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February 4, 2014

State Farm Bureau President Testifies on Osha Overreach

For more information on Newsline, contact: Cyndie Sirekis, Director, News Services, American Farm Bureau Federation, cyndies@fb.org.

 
In the past few months, the Occupational Safety and Health Administration has started to overstep its regulatory authority by entering small farms with 10 or fewer workers and levying fines regarding grain bin regulations. South Dakota Farm Bureau President Scott VanderWal explains why this is a problem in this story with Seanica Otterby.
Otterby:OSHA is specifically prohibited by Congress from using federal funding to enforce regulations on small farm operations, of which grain bins are an integral component. South Dakota Farm Bureau President Scott VanderWal says it was clear that Congress intended small farms as an exemption and OSHA is overstepping its bounds. He testified at a Congressional hearing on this issue today.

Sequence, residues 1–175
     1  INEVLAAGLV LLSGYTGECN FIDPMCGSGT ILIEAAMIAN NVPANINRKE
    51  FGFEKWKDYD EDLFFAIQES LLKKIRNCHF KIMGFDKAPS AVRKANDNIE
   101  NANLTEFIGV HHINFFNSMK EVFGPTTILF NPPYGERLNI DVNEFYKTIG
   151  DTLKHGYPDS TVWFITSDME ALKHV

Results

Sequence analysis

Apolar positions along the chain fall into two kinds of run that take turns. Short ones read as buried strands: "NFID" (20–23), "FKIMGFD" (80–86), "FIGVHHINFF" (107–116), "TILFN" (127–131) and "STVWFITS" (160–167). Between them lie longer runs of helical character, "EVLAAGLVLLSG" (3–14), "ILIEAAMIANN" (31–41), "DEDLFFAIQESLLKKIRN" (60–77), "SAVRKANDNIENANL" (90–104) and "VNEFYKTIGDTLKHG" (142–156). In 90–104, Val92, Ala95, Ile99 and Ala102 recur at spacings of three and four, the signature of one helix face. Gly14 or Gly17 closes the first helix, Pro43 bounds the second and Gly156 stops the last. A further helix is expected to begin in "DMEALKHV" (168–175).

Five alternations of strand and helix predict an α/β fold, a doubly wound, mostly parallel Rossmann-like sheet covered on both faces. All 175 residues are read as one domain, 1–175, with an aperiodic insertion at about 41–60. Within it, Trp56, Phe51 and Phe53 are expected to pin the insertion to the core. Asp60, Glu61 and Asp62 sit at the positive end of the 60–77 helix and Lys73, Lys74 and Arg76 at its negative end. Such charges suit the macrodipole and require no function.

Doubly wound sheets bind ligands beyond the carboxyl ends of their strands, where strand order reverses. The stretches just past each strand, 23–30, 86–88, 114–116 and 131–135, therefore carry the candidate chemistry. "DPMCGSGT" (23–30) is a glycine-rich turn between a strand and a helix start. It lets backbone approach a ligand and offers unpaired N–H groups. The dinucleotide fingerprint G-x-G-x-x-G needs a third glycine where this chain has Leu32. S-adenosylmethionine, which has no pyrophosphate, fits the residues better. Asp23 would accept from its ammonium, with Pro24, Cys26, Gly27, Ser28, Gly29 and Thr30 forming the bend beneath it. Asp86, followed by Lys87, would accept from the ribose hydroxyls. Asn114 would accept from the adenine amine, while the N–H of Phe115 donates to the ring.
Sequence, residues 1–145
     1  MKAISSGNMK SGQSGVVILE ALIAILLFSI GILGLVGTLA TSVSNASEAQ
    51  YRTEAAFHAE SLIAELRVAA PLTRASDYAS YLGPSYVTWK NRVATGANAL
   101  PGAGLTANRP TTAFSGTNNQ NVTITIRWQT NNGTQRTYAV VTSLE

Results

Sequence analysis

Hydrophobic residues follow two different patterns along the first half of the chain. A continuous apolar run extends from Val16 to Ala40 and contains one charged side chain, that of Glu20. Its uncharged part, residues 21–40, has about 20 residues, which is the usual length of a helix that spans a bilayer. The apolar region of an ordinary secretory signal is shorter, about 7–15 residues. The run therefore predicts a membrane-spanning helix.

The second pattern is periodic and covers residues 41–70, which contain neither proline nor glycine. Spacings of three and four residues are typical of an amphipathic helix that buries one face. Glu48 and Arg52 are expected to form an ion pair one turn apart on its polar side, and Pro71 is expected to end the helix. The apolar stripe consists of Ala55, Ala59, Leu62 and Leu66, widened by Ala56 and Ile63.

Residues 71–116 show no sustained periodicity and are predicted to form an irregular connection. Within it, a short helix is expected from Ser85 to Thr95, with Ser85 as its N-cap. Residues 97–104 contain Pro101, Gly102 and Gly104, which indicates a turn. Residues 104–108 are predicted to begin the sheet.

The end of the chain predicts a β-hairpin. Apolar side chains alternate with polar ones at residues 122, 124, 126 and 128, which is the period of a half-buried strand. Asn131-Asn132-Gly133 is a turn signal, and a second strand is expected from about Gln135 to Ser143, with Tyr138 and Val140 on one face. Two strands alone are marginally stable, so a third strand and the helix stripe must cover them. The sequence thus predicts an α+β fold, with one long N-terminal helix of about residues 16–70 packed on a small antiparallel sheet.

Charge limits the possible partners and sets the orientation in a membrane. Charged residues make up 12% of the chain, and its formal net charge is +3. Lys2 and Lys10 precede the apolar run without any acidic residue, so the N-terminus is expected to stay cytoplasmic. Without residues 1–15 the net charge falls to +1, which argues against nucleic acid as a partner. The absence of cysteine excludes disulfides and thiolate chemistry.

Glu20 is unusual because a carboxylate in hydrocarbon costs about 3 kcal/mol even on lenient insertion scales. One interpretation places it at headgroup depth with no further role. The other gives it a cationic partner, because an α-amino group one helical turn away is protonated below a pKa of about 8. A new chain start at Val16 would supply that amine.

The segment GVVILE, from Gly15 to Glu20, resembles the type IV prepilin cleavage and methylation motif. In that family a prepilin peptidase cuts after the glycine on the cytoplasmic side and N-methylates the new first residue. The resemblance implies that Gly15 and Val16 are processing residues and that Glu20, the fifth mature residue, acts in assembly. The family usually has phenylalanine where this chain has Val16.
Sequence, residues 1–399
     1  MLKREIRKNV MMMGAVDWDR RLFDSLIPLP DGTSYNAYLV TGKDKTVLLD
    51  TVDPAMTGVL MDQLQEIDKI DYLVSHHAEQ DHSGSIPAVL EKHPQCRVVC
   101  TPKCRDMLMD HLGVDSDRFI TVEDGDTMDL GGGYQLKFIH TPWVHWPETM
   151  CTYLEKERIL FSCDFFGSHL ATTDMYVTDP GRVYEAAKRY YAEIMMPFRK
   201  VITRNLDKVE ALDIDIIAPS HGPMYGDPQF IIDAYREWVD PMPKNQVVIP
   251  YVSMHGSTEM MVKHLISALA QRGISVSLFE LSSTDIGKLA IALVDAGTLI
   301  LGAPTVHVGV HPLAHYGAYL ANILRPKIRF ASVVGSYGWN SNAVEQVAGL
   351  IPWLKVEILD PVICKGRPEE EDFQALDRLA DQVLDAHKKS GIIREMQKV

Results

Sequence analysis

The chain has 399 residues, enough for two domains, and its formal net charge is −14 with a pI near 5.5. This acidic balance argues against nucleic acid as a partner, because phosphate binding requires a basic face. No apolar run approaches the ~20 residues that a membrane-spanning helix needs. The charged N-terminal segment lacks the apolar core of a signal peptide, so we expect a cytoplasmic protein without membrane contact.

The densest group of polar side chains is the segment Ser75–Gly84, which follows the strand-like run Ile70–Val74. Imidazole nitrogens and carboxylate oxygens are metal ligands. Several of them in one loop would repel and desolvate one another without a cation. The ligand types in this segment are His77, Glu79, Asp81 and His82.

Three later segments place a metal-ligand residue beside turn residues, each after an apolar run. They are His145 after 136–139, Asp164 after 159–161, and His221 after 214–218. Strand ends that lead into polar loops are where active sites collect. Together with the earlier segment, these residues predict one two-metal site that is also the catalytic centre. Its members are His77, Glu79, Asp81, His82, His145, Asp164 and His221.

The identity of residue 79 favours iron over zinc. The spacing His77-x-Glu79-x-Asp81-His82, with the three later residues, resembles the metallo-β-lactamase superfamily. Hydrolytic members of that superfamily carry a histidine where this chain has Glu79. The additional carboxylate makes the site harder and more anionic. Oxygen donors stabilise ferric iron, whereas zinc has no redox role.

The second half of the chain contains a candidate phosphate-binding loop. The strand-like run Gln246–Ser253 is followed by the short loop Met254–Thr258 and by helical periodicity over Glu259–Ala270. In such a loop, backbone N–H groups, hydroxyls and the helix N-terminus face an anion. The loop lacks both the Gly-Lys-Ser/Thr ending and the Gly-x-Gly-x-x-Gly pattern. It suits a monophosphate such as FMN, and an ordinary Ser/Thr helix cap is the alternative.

VanderWal:Farmers are very caring people. We want to make sure that our employees are as safe as possible. We know how to keep our family members safe. It’s an obvious thing that you don’t go in a grain bin with flowing grain going out of it.
Otterby:VanderWal says American Farm Bureau has a number of safety programs to educate farmers, farm workers and their families on farm safety.
VanderWal:Really, OSHA could have teamed up with us and worked cooperatively with the industry, done education and safety programs rather than going out and just fining people. Certainly would have been a lot better way to do it, and honey always works a lot better than vinegar.
Otterby:VanderWal says OSHA is clearly defying the intent of Congress, and he hopes OSHA will cease and desist from these regulatory actions. Seanica Otterby, Washington.

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